Director – Alex de la Iglesia
Cast – Hugo Silva, Mario Casas, Pepón Nieto, Carolina Bang, Terele Pávez, Jaime Ordóñez, Gabriel Ángel Delgado, Santiago Segura, Macarena Gómez, Sacun de la Rosa, Javier Botet, Enrique Villén, Carlos Areces, Manuel Tallafé, María Barranco
Release Year – 2014
Reviewed by John of the Dead
This film has been on my queue for at least two years and I am kicking myself for taking as long as I did to give it a watch. From Spanish cult director Alex de la Iglesia (The Day of the Beast, The Last Circus), Witching & Bitching is just what I needed to compliment this Halloween season. From start to finish it perfectly blends comedy and horror in what results in a 110-minute ride filled with outrageous antics that suck you in. I couldn’t believe some of the things I saw, and they came executed so well that I am currently “bitching” at myself for missing out as long as I did.
After fumbling a jewelry heist, Jose, Tony, and Jose’s young son Sergio are on the run from the authorities and especially from Jose’s ex-wife. Their troubles are amplified when they are forced to take refuge for the night in the notorious village of Zugarramurdi, where a coven of witches kidnap them in preparation for a fertility sacrifice that is anything but pleasant.
Alex and his long-time co-writer Jorge Guerricaechevarria pen this piece, giving genre fans a taste of good horror blended with effective comedy. The flick begins with the jewelry heist, where the thieves are dressed as street performers as part of their cover. The hilarity is already kicking into gear thanks to them being in silly costumes, and things are kicked up a notch when they are forced to run from the police like this. Because he needs to take advantage of visitation privileges with his son, Jose decides to bring the very young Sergio along for the ride. He isn’t just there for the ride though, as he too is pointing guns at people. You can see why Jose is not on good terms with Sergio’s mother, a responsible nurse. The three escape with the forced help of a taxi driver and his client, and they arrive in Zugarramurdi about 28 minutes in to the film. This first act doesn’t have too much to do with the horror. Instead it sets up the characters, the dynamic between them, and their predicament. Jose isn’t just on the run from the authorities now. His fuming ex wife is also on the lookout for him after involving her son in a stickup gone bad. With so many forces at play the film’s 110 minutes don’t feel like 110 minutes. This story moves briskly without rushing and leaving too much dead air, which indicates good pacing by the writers. It takes 53 minutes for the witching to finally begin, leaving roughly an hour of the goods to enjoy. Thankfully, I was enjoying the film well before the horror kicked in thanks to hilarious antics and the looming anticipation of what would lie before them as night set in.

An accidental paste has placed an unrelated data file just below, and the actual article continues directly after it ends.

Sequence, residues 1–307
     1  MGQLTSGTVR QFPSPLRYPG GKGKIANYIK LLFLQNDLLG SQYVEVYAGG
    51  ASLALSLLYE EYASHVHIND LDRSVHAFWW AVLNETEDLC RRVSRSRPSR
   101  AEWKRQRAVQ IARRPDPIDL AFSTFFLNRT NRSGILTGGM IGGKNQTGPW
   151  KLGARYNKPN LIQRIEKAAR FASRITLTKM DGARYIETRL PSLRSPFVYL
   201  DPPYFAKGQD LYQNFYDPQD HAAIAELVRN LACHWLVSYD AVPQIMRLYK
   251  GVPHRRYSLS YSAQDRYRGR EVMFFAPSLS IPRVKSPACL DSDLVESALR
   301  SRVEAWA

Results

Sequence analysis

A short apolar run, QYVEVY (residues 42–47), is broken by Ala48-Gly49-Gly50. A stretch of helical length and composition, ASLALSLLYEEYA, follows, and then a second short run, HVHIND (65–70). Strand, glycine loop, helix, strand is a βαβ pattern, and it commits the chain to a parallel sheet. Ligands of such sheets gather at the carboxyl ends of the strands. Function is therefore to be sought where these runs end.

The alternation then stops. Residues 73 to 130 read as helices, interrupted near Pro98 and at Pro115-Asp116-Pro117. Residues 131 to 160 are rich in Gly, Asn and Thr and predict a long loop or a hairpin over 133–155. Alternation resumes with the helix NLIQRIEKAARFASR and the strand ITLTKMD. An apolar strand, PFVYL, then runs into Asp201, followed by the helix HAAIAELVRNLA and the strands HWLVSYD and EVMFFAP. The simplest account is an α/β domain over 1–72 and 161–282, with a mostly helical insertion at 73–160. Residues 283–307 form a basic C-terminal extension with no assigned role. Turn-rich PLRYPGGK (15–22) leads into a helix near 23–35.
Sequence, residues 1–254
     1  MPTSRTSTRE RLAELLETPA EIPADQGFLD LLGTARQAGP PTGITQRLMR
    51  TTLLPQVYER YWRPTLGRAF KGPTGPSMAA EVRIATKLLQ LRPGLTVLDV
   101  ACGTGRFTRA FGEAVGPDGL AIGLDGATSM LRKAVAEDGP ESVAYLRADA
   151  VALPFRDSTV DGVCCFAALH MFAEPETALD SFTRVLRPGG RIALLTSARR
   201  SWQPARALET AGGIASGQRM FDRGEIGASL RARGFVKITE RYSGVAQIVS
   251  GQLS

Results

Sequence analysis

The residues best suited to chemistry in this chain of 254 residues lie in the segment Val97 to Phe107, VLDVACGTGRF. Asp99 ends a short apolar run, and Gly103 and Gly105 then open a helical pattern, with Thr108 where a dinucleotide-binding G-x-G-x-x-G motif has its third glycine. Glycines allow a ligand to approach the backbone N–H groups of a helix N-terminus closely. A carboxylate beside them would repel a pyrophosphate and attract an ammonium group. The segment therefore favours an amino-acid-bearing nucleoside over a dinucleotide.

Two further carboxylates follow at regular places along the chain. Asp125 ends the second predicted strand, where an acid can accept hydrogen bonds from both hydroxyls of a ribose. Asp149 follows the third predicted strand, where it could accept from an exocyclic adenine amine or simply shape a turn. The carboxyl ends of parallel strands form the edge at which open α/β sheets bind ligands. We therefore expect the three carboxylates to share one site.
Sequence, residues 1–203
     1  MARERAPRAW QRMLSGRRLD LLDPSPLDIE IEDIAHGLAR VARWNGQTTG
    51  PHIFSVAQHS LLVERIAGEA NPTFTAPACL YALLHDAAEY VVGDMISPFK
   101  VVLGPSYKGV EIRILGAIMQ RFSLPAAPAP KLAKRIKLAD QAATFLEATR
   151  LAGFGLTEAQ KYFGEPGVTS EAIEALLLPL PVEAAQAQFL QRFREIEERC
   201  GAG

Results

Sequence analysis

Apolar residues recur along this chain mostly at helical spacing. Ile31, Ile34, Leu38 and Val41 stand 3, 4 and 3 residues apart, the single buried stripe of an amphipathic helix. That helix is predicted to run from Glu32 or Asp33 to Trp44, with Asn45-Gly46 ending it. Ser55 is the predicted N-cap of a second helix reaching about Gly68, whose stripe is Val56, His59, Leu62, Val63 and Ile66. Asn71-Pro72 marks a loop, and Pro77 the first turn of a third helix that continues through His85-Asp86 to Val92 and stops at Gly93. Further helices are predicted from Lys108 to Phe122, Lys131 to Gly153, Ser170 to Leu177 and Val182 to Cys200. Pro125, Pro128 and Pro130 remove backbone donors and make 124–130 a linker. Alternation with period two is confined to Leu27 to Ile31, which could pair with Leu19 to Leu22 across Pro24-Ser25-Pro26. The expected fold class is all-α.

When the horror kicks into gear it never relents. The use of the witches is amazing, as they bounce off walls and bring with them classic lore of consuming frog/toad blood, making potions, and cooking their guests alive. This is all “boiling” up to a sacrificial ceremony that will leave your eyes springing out of their sockets. I won’t ruin the final sequences for you, but let’s just say you will probably laugh at the insanity going on.
Alex De La Iglesias’ direction of the film is fantastic, bringing every element to life and doing so as a veteran who has not lost a step. He begins with the characters, whose actors execute them to full potential. The performances can be a little cheesy sometimes, but that is because of the comedic element. This is especially the case with the witches, namely the exotic Eva (portrayed by Alex’s wife Carolina Bang), yet I found them fun and not detrimental to the film. Yugo Silva is perfect as Jose, expertly blending numbskull attitude with redeeming qualities that make him hard to dislike. Just…don’t marry Jose. The real testament to Iglesias’ direction is the horror, which is some of the best that 2014 has to offer. I loved how he executed the witches and the horror they delivered. We are given classic witches living on the outskirts of a modern society, so they are not watered down in the least. Iglesias’ high intensity action sequences deliver asses kicked as well as some decent gore at times. The only negative would be that some gore scenes come with CGI blood, but thankfully I was having too much fun to care.
Overall, Witching & Bitching is a great Spanish horror film I recommend to all. From start to finish it’s fun, unrelenting in comedy, and damn good with its horror. This would be especially fun to watch during this Halloween season.